Economic guru Jim Cramer blames this week's rollercoaster stock market on a “group of complete morons” who are causing financial chaos with their uninformed, speculative bets.
"A group of complete morons" who traded little-known, leveraged products that bet on volatility is "blowing up" everything, Cramer said on CNBC’s "Squawk on the Street."
Cramer in particular has cited of the VelocityShares Daily Inverse VIX Short-Term exchange-traded note, which is traded under the symbol XIV, and those who put money into it.
The XIV is supposed to give the opposite return of the VIX, Cboe's volatility index, which is often referred to as the market's fear gauge, CNBC.com explained.
"What bothers me is the people who have never looked at a stock and don't know how to analyze it [are] out in full force today," said Cramer, host of "Mad Money."
"They've never been better about not knowing anything about the stocks," he said. "They got it all figured out," he said while rolling his eyes in exasperation and frustration.
Meanwhile, the Dow Jones Industrial Average sank another 500 points on Thursday as a renewed rise in U.S. bond yields and fears of higher inflation unnerve investors still piecing over a historic drop earlier this week.
The 10-year U.S. Treasury yield rose to a high of 2.884 percent in morning trade, nearing Monday’s four-year peak of 2.885 percent after the Bank of England said interest rates probably need to rise sooner than previously expected.
That added to expectations that the world’s major central banks are now firmly on course to wind down the emergency stimulus they have pumped through the financial system since 2009, driving an almost decade-long stock market rally, Reuters explained.
“Things haven’t quietened down. Things are all over the place. The market is trying to find a bottom to this madness,” said Jason Ware, chief investment officer at Albion Financial Group.
“Now we are having acute attention on what happens in the bond markets, so when yields move up there is an unsettling feeling in the equity market.”
The market's main gauge of volatility, the CBOE Volatility Index, rose to 29.67 on Thursday, still more than twice the level it held over the past few months. The index hit its highest level since August 2015 on Tuesday.
"Volatility has eased but by no means is it low. It is still far above the long-term average and unease about higher interest rates remain," said Randy Frederick, vice president of trading and derivatives for Charles Schwab.
"The outlook for the rest of the year remains positive and fundamentals remain strong. If the VIX falls below 20, then we should see some buying," Frederick said.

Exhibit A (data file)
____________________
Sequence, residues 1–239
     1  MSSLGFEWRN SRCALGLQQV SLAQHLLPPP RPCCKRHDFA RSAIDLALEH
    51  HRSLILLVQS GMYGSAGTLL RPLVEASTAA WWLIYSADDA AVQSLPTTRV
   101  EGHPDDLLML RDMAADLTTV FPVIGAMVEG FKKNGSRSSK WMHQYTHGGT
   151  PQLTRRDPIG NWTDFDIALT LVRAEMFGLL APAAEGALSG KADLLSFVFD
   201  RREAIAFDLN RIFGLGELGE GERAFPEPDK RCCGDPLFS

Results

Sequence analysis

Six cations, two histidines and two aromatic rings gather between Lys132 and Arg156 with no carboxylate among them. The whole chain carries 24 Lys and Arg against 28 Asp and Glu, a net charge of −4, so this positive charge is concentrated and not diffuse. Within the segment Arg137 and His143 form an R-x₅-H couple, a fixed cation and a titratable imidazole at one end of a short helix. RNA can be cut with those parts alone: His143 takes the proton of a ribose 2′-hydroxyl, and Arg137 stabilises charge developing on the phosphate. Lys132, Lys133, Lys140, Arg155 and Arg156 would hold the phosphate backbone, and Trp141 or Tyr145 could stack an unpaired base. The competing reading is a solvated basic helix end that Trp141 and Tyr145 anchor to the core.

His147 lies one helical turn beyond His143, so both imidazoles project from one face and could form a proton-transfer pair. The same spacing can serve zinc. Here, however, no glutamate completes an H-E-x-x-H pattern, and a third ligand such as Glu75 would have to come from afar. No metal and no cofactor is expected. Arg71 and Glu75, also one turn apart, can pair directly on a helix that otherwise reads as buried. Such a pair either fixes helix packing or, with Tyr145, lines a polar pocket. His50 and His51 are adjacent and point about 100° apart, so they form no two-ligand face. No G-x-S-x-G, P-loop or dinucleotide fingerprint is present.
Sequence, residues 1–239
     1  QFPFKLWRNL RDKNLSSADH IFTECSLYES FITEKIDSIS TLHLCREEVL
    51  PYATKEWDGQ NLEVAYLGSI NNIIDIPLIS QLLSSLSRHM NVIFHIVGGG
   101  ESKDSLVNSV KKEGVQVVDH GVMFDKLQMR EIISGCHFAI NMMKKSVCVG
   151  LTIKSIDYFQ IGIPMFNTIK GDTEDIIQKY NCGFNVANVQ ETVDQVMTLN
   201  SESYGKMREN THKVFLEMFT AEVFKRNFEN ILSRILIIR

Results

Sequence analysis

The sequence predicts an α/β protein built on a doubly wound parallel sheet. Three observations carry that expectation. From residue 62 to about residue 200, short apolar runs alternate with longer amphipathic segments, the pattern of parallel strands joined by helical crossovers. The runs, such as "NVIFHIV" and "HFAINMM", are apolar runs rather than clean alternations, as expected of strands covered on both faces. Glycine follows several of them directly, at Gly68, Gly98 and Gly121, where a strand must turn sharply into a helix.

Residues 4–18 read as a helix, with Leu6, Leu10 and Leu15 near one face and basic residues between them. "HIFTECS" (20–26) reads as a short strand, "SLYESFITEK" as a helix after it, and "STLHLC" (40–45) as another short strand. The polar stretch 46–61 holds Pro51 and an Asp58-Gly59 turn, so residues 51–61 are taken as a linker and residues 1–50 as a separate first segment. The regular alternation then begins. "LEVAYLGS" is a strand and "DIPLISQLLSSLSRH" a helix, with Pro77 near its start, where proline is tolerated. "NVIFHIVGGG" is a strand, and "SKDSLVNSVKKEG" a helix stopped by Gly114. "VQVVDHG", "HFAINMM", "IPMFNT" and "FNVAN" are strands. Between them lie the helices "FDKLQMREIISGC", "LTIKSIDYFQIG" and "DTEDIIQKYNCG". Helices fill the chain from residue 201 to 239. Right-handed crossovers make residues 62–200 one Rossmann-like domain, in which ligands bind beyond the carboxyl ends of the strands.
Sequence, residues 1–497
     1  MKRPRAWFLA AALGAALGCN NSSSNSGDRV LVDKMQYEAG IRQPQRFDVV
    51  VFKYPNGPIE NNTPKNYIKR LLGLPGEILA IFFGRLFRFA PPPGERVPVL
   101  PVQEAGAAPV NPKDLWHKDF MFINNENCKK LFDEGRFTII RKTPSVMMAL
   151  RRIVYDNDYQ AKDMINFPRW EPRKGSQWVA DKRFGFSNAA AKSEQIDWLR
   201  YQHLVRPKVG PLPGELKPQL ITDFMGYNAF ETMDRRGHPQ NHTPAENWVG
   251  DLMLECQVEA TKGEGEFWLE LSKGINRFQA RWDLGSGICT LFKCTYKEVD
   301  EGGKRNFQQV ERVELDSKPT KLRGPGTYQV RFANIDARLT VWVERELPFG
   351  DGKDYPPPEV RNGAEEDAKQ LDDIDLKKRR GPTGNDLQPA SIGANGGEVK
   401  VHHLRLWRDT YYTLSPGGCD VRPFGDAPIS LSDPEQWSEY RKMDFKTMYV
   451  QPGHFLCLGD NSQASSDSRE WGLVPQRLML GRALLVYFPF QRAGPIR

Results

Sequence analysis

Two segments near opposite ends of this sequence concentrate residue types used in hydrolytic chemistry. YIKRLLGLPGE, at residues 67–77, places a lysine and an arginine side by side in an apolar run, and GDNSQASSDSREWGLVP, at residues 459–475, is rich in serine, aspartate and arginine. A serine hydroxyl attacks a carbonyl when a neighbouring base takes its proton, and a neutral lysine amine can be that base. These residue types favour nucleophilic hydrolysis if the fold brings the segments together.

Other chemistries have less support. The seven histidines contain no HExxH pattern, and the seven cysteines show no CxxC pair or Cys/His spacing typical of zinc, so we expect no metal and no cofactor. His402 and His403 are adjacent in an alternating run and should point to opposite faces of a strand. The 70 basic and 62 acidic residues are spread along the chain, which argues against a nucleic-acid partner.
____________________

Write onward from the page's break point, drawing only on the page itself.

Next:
Investors are weighing whether the sharp swings in stocks this week are the start of a deeper correction or just a temporary bump in the nine-year bull market, spurred by concerns over rising interest rates and bond yields.
Federal Reserve officials have played down recent turmoil in global stock markets, sounding as resolved to push ahead with gradual increases in interest rates as before the rout, Bloomberg reported.
“Having a bump like this has virtually no consequence in my view of the economic outlook,” New York Fed President William Dudley said Wednesday at an event in New York. “My outlook hasn’t changed because the stock market is a little bit lower than a few days ago. It’s still up sharply from where it was a year ago.”
“That said, if the stock market were to go down precipitously and stay down, then that would actually feed into the economic outlook and that would affect my view in terms what’s the implications for monetary policy,” he said.
Dallas Fed President Robert Kaplan said on Thursday the central bank could hike rates three times this year and the recent market volatility in itself was not enough to change his base scenario.
For his part, President Donald Trump has some advice for investors: they’re making a “big mistake” by selling off stocks amid good economic news.
Trump, who has repeatedly praised Wall Street gains during his first year in office, dismissed recent market gyrations.
“In the ‘old days,’ when good news was reported, the Stock Market would go up. Today, when good news is reported, the Stock Market goes down,” Trump said on Twitter.
“Big mistake, and we have so much good (great) news about the economy!”
(Newsmax wire services contributed to this report).
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